Princesses are people who because of their station have tremendous impact on the world around them. From Princess Diana and her work with Land Mines, Kate, Duchess of Cambridge's charitable work with kids, they impact millions of people and that's just one country. The simple fact is that they are the heads of state, or symbolic figureheads for entire countries. Why are we ignoring that when we present them in media? Why are their clothes more important than their actions?

Here in this Rav4 Genie add from the super bowl, is some princess creep I can get behind, because it gives you a totally difference sense of depth.While it's simplistic, it's shockingly rare to see a different princess role depicted in advertising.



But beyond simple swordplay, or Sofia the First joining the boys flying horse race team, the actual meaning of being a member of a ruling family and it's associated responsibilities are rarely part of the character package.

Sofia, which is ostensibly about a fish out of water everygirl learning what it means to become royalty, most of the screen time of the introductory movie and the first 4 aired episodes are about mean girls and clothes, rather than actual outreach and compassion, what she can do as a princess and the insights that her non-royal origins actually give her. It's early yet, there's a lot of time for her to grow, but I'd love to see stronger references to the woman the girl with become. I want that, and am disappointed because I expect it because other shows do this well, they show strong female characters on a pathway to rulership that echo all the way from episode 1.

Which brings me to My Little Pony,

My Little Pony's Fictional Universe is lush with Princessess, Princess Celestia is the absolute ruler of Equestria (note, not Queen). Her sister, Princess Luna rules over the night, and they have complimentary powers although Luna is the minor of the two.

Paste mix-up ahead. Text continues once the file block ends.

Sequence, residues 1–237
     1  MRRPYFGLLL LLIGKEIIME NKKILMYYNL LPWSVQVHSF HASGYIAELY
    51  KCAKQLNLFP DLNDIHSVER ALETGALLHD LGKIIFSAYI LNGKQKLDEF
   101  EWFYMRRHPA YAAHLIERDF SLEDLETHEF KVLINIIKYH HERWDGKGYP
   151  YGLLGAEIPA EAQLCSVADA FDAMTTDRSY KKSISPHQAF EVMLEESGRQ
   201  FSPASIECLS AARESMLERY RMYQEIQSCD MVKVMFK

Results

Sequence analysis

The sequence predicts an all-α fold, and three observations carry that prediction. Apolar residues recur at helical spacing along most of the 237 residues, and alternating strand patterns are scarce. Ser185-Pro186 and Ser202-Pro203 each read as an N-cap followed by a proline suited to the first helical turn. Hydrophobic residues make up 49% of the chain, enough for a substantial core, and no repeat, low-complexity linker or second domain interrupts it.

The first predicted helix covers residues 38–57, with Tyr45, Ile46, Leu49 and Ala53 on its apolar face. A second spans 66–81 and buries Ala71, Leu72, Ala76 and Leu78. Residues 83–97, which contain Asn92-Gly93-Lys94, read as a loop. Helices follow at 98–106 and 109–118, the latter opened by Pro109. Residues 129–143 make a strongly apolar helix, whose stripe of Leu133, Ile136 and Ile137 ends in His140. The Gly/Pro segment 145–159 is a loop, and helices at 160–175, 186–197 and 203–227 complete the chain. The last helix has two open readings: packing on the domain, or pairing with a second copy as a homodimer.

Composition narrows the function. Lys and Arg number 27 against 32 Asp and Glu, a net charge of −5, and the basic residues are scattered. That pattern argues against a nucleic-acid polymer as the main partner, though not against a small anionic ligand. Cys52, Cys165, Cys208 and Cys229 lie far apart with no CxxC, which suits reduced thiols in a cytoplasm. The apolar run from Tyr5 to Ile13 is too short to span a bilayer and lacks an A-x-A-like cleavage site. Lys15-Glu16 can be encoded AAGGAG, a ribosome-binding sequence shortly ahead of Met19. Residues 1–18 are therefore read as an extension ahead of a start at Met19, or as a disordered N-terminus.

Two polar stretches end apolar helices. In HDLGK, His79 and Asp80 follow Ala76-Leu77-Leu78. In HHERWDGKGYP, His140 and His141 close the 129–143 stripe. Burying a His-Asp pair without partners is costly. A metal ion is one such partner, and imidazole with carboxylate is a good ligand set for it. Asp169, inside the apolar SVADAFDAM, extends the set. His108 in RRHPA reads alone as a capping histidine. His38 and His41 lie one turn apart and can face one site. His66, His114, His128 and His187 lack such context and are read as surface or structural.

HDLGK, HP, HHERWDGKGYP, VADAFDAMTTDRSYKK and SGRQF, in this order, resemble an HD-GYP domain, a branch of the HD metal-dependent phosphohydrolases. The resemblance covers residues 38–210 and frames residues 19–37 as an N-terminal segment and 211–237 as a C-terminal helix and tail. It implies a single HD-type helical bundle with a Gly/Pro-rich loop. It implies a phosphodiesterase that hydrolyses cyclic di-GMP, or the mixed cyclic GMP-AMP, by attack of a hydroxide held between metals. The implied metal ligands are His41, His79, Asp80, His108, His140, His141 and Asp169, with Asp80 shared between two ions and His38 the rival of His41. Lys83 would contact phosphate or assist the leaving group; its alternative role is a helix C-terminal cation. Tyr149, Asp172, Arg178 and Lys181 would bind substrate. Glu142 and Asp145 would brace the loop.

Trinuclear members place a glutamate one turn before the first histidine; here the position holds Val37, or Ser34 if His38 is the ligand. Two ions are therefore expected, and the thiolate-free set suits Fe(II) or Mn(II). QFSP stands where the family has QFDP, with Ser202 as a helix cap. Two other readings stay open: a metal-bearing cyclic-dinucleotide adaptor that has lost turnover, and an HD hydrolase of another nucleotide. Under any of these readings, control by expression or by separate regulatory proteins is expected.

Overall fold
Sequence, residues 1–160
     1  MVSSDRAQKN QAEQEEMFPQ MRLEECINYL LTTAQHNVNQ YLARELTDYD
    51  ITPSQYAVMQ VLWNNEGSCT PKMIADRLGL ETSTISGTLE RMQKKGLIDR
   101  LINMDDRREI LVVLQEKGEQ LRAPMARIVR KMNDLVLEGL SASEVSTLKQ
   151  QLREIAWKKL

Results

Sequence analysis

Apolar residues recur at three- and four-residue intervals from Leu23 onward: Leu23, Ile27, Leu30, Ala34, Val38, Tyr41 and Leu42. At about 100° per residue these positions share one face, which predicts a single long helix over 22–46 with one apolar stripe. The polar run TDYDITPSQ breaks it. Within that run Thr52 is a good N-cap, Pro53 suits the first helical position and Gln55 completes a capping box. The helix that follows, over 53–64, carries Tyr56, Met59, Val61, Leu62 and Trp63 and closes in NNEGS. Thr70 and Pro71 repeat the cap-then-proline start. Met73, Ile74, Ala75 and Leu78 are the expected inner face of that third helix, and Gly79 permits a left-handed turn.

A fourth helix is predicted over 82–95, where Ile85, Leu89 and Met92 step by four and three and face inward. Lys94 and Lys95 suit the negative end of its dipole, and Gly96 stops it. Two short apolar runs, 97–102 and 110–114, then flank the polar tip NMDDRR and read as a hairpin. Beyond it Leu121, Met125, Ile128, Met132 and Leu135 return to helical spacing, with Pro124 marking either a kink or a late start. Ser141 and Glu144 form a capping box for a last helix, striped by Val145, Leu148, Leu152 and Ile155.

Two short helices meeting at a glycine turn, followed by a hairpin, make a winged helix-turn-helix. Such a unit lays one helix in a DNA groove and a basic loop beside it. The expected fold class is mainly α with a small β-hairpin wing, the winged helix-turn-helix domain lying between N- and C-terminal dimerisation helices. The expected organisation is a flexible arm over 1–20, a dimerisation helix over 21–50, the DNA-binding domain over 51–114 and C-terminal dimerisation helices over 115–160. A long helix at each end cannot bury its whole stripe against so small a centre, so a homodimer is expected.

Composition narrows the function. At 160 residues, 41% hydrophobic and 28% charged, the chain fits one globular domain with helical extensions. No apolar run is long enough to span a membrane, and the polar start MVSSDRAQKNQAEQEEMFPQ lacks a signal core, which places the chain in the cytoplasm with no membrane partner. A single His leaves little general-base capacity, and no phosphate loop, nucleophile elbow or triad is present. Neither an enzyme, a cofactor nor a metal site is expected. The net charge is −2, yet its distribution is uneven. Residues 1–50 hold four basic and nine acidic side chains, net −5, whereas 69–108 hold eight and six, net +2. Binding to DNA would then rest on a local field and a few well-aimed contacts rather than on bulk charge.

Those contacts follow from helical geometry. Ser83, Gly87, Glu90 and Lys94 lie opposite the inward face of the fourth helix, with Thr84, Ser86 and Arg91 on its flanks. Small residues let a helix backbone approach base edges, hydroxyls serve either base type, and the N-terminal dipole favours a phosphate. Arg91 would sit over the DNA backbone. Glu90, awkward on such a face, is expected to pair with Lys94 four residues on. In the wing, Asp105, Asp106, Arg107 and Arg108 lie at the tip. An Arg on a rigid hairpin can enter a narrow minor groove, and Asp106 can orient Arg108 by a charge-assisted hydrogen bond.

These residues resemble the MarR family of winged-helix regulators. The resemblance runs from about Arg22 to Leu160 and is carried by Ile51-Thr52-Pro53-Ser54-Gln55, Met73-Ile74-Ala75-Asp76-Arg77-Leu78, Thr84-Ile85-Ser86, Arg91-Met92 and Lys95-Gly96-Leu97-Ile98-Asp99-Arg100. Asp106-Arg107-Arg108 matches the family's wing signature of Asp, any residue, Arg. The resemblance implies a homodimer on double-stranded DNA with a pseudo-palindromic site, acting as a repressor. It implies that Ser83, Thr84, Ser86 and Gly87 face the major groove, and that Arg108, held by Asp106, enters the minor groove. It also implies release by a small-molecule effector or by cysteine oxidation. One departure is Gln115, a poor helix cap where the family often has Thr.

Seen here in a healthy relationship with her husband, who she works with to protect the kingdom.
Princess Miamore Cadenza aka Princess Cadence, regularly helps the core cast defeat powerful magical enemies with her devoted husband, and shows tremendous responsibility to the ponies of Equestria even though she doesn't have a clear land of her own to rule. These ponies are magical, responsible, and have a sense of genuine concern over the fate of others.

This weekend, the show's protagonist, Twilight Sparkle, who has been studying magic at the feet of Princess Celestia for most of her life is becoming a princess herself. 

  In MLP‘s Equestria, “princess” is a designation that’s earned, not freely given — and though princesses have specific leadership roles in pony society, being one really means “being a good pony who shares the gifts that they have been given with others,” according to McCarthy. “We’re building a very unique mythology around being a princess,” she continues. “Every little girl wants to be a princess, and not everybody can get to be a princess — but you can live up to the ideals that should come along with being a princess.”
The archetypal, campbellian journey of the hero takes an initiate to a hero, and a hero to a ruler. Over time, shouldn't we want our girls to aspire to great power, great responsibility and the ability to inspire others to greatness?